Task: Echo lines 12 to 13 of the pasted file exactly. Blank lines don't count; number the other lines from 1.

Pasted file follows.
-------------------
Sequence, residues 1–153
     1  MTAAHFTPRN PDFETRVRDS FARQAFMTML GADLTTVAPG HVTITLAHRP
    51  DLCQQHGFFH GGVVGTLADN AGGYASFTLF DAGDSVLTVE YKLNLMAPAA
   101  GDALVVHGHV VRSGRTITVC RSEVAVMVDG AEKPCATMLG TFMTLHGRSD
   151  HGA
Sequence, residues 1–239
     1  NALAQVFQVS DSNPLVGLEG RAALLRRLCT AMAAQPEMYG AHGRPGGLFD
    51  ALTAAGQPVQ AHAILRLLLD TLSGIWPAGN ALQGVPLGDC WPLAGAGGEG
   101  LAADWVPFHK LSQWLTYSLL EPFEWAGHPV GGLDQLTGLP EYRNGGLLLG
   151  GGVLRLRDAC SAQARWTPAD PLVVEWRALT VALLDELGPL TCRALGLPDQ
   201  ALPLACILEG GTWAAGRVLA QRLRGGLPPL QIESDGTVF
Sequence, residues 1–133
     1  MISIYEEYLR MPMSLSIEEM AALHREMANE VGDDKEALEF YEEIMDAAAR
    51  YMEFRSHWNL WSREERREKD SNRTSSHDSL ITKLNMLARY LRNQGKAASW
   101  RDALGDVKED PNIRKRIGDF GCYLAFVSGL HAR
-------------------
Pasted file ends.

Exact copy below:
Sequence, residues 1–133
     1  MISIYEEYLR MPMSLSIEEM AALHREMANE VGDDKEALEF YEEIMDAAAR